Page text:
In recent years, companies have progressively come to realise that sustainability must be more than a merely aesthetic concept; it must be a credible and quantifiable commitment. In fact, European regulations require companies to make real efforts, under threat of sanctions.
This regulatory step is intended, among other things, to prevent companies from engaging in greenwashing, a communication and marketing practice aimed at building a false image of corporate social responsibility.
The companies most linked to this practice belong to the energy and banking sectors, according to the report How to build reputation and avoid greenwashing, presented by Onclusive. In fact, these two fields account for half of the conversation generated around this issue in the media and social networks.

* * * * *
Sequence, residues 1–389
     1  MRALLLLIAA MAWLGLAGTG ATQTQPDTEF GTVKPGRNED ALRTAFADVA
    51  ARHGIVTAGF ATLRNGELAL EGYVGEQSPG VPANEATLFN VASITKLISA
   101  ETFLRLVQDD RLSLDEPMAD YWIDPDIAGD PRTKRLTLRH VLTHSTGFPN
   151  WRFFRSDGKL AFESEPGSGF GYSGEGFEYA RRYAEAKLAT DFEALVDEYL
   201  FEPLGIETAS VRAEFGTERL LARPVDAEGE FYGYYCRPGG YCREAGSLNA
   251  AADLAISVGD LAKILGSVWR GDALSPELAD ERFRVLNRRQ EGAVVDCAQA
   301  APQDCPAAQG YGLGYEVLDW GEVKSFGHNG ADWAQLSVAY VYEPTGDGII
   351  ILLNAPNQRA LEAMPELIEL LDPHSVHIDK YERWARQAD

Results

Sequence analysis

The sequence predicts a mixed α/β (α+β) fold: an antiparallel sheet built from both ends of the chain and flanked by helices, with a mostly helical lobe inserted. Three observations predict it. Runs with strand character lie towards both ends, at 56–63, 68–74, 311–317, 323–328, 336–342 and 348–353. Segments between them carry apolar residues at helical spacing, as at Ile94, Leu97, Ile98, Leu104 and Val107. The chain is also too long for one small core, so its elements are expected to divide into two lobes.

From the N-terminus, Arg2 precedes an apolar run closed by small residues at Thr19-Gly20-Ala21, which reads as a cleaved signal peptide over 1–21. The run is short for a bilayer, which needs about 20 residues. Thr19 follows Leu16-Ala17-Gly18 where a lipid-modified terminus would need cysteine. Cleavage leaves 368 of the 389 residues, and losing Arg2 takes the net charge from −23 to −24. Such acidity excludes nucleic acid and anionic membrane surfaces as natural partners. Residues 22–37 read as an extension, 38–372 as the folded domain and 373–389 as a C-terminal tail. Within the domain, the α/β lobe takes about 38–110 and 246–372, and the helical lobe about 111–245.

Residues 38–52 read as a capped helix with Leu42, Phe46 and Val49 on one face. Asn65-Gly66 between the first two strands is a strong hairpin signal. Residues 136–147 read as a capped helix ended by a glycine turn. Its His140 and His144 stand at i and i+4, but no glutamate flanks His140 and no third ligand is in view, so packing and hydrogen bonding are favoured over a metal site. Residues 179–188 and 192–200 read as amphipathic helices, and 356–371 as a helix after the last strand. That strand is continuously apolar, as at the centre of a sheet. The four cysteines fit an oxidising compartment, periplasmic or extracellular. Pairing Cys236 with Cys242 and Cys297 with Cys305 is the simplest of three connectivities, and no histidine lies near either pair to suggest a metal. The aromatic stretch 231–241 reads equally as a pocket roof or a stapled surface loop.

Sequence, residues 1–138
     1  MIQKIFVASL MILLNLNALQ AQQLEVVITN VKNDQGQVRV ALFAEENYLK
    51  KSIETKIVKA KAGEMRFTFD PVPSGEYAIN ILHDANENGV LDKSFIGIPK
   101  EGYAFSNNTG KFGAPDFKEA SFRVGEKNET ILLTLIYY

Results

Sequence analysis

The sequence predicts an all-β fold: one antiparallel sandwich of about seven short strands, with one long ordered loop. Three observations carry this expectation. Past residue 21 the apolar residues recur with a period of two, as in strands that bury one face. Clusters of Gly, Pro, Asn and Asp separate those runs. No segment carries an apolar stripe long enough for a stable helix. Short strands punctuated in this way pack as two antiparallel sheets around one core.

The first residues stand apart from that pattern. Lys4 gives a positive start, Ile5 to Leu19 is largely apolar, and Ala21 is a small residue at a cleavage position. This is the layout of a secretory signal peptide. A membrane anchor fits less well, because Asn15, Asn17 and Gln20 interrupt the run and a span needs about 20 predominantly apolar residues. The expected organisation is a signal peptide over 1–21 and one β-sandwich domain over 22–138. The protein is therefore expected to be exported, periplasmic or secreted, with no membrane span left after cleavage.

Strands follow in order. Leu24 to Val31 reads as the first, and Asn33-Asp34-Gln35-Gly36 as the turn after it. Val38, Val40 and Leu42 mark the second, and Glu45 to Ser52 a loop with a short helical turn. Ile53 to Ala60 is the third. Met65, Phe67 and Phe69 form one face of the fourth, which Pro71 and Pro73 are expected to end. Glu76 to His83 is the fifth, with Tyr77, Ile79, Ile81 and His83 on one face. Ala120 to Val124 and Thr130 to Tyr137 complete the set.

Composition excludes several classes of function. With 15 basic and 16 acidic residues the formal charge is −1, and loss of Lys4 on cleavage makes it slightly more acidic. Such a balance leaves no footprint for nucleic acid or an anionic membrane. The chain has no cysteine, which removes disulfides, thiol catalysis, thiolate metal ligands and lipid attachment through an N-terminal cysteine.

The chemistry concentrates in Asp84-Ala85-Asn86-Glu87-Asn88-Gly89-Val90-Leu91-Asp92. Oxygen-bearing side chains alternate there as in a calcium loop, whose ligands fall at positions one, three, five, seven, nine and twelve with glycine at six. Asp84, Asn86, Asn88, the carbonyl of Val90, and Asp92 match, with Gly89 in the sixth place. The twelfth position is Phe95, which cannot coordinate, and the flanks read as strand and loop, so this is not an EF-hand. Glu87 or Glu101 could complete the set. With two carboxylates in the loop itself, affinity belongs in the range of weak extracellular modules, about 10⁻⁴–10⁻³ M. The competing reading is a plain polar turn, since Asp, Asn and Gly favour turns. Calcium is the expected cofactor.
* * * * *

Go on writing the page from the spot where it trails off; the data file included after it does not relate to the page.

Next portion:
Energy companies and banks are not the only ones to be associated with greenwashing. Retail, food and beverages are also in the spotlight, each accounting for around 15% of media appearances on the issue. In contrast, the sectors that generate the least amount of conversation around the issue are tourism, real estate and construction.
Onclusive points out that the impact of greenwashing conversations usually originates on social networks – mainly Twitter – and is then picked up by journalists. Elon Musk’s social network and the media account for 80% of the conversation on this topic.
However, the impact of greenwashing on other social networks is very small. Only 9% of the conversation on this topic has taken place on LinkedIn and less than 3% on Instagram or Facebook. On blogs and videos, they have a residual presence.
In November 2021, the volume of conversation on social networks skyrocketed, coinciding with the celebration of COP26. The report points out that there is a growing need for environmental news in the traditional media and a public desire to feel informed. A scenario that provides numerous opportunities to shine a light on the work that brands do, if they do it right.